Diane Blockley, Lindsey Large, Lynn Spencer & Claire Rashid outline how they approached the need for providing evidence on the recurrence rate of venous leg ulcers for the Commissioning for Quality and Innovation (CQUIN) scheme and discusses the implications for patients and community nurses.
January 2011 : Volume 25, Issue 1
An evaluation of the use of PolyMem Silver in burn management
Jacky Edwards & Sally Mason review the efficacy of PolyMem Silver dressings
November 2010 : Volume 24, Issue 6
International pressure ulcer guidelines
Maureen Benbow gives an overview of pressure ulcer prevention clinical guidelines.
November 2010 : Volume 24, Issue 6
Leg ulcer management: a cost-effectiveness case study
Alison Thompson and Emily Steventon discuss a cost effectiveness case study which looks at improving quality and reducing costs in community leg ulcer management.
November 2010 : Volume 24, Issue 6
Accel-Heal®: a new therapy for chronic wounds
Martin Tadej, Dr Steve Young & Sylvie Hampton discuss their use of Accel-Heal®, a Class IIA medical device that proved to be particularly effective in the management of non-healing wounds
September 2010 : Volume 24, Issue 5
Ageing & wound healing
Maureen Benbow explores the impact of ageing in relation to skin care and wound healing
September 2010 : Volume 24, Issue 5
Living with a chronic leg ulcer
Olivia Byrne & Marcella Kelly discuss a study which explored older Irish peoples’ experience of living with a chronic venous leg ulcer in the community.
September 2010 : Volume 24, Issue 5
Larval therapy: is it effective against MRSA?
Rebecca Laurie analyses the current literature available on larval therapy and MRSA eradication. By highlighting the findings in key literature this article aims to provide the clinician with strong evidence to promote larval therapy as a treatment of choice for MRSA infected wounds rather than one of last resort
July 2010 : Volume 24, Issue 4
A critical review of the Waterlow tool
Edwin Tapiwa Chamanga discusses the use of the Waterlow assessment tool in wound management
May 2010 : Volume 24, Issue 3
Emollients and ageing skin
Maureen Benbow discusses the use of emollients for dry ageing skin
March 2010 : Volume 24, Issue 2
Honey treatments for wounds
Excellence in Practice Awards 2009 runner up – Amy Cray presents a literature review on the effectiveness of honey dressings on infected wounds.
March 2010 : Volume 24, Issue 2
Preventing heel ulceration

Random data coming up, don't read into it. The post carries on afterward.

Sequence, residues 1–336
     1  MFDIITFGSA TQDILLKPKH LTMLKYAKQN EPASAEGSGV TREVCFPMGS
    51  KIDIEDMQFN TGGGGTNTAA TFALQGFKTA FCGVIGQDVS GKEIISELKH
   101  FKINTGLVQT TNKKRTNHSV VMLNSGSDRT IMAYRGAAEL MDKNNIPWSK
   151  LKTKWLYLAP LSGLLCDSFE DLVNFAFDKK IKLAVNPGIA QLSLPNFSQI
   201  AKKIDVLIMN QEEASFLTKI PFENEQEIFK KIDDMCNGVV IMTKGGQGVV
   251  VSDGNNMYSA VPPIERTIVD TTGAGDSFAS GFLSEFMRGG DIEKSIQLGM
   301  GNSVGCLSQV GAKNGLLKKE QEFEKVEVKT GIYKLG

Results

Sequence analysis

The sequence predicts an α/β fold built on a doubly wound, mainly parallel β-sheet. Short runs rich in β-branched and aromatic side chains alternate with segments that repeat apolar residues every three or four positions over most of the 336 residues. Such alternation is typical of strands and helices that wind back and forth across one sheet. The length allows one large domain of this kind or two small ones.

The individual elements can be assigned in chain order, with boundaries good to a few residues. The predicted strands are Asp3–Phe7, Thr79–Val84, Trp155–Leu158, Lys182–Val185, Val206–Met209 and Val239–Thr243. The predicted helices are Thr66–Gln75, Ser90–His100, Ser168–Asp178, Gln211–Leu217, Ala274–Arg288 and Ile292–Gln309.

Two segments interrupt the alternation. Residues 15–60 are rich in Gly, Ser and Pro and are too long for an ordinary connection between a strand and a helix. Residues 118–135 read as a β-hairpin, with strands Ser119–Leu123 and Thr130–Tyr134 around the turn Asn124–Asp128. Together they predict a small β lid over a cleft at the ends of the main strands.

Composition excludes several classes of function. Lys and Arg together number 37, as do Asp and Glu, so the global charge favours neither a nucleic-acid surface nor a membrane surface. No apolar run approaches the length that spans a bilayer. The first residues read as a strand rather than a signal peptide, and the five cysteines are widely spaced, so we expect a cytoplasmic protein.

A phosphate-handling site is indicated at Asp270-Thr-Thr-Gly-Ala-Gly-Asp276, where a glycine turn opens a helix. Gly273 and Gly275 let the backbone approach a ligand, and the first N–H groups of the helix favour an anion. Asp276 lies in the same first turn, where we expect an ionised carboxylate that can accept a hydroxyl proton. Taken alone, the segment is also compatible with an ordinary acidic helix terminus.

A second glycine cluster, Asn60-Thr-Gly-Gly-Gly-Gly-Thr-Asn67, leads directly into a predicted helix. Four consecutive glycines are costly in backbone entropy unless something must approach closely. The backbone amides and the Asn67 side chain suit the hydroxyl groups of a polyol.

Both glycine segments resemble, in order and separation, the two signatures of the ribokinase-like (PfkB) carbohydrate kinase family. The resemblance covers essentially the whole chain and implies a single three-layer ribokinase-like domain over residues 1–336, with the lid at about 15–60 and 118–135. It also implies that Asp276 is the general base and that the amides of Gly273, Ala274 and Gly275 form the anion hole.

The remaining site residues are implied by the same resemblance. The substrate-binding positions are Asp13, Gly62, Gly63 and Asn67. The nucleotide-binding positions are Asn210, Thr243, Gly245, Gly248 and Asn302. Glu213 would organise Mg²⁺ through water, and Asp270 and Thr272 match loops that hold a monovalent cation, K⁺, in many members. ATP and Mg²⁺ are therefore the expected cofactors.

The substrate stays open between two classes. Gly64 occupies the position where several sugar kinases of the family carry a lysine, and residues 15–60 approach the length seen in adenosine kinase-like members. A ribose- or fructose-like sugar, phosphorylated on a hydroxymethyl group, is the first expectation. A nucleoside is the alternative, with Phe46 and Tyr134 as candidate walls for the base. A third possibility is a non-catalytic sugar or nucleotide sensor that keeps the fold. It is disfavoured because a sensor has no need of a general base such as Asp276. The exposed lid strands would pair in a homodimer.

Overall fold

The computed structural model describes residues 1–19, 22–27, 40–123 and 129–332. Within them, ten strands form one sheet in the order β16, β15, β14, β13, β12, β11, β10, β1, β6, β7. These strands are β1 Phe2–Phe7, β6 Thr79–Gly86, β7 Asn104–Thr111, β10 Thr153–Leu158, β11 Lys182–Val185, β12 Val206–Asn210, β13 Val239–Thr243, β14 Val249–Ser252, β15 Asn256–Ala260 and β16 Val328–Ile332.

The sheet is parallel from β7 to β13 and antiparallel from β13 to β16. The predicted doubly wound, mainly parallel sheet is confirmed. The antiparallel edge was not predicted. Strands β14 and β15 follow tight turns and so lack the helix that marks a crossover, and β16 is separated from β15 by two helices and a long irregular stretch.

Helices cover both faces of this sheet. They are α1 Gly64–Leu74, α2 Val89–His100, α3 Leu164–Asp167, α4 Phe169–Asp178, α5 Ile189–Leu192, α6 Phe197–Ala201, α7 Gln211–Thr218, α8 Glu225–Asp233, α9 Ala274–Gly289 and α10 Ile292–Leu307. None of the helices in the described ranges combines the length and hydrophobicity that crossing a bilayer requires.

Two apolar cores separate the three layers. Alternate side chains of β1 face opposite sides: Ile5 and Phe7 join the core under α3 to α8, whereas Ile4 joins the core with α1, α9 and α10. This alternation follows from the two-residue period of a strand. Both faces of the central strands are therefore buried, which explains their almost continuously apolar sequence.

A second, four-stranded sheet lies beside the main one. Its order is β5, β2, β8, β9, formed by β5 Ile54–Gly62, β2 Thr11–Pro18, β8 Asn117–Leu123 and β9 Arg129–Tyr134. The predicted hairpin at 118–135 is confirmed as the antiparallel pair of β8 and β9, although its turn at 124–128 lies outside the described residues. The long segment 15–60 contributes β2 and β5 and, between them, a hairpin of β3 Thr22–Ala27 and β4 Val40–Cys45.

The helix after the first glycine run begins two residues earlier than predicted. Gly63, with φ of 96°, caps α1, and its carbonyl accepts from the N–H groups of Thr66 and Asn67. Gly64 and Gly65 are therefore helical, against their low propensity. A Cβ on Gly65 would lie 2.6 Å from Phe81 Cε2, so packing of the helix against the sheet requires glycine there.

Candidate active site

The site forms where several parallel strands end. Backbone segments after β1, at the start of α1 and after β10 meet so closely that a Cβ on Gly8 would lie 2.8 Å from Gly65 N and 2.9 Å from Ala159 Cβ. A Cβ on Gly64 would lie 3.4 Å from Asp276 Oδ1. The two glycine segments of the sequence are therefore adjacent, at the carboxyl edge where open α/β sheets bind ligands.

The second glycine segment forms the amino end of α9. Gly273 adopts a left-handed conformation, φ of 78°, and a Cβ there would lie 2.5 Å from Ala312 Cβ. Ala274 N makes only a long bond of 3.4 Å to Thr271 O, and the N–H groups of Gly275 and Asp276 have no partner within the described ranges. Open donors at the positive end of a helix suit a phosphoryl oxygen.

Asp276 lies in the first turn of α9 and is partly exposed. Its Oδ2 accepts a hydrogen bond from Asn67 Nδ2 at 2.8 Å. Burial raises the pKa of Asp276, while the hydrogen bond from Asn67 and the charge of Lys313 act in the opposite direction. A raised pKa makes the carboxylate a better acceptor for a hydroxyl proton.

Dr Karen Ousey gives an overview of the prevention and aetiology of heel pressure ulcers
January 2010 : Volume 24, Issue 1
Quality of life and pressure ulcers
Maureen Benbow gives an overview of living with a pressure ulcer
December 2009 : Volume 23, Issue 12
Let’s talk continence – international style
British Continence Specialist Nurse Joanne Whiteley reports from the 39th Annual Meeting of the International Continence Society in San Francisco, USA
November 2009 : Volume 23, Issue 11
Moisture lesion or pressure ulcer?
Student nurse Celene Gibbon reviews the literature surrounding sacral moisture lesions and sacral pressure damage and the challenges of misdiagnosis and subsequent mismanagement of the wound.
October 2009 : Volume 23, Issue 10
Identifying, managing and treating skin tears
Dr Karen Ousey discusses the aetiology and classification of skin tears
September 2009 : Volume 23, Issue 9
Chronic wounds – an overview
Dr Karen Ousey gives an overview of the wound healing process of hard to heal or chronic wounds.
July 2009 : Volume 23, Issue 7
Exploring pressure ulcer prevention
Dr Karen Ousey briefly explores the prevention of pressure ulcer development and tissue damage
May 2009 : Volume 23, Issue 5
Sharp debridement of a pressure ulcer
Marcia Gore discusses the sharp debridement of pressure ulcers in the community setting
April 2009 : Volume 23, Issue 4
Use of honey on a neuropathic ulcer
Laurie Chapman discusses the use of ­honey on a neuropathic ulcer and the research that influenced the nurse’s choice of dressing.
February 2009 : Volume 23, Issue 2
Skin tears
Maureen Benbow explores the implications of ageing on skin and the impact on the development of skin tears, prevention and treatment strategies
January 2009 : Volume 23, Issue 1
Debridement and the removal of devitalised tissue
Maureen Benbow explores the implications of the presence of devitalised tissue in the chronic, non-healing wound and the range of available debridement methods
Maureen Benbow MSc BA RGN HERC is a Senior Lecturer, University of Chester
Article accepted for publication: September 2008
December 2008 : Volume 22, Issue 12
Preventing venous ulceration
Runner up in the JCN Excellence in Practice Awards, Modupe Iwuji discusses the need to prevent venous ulceration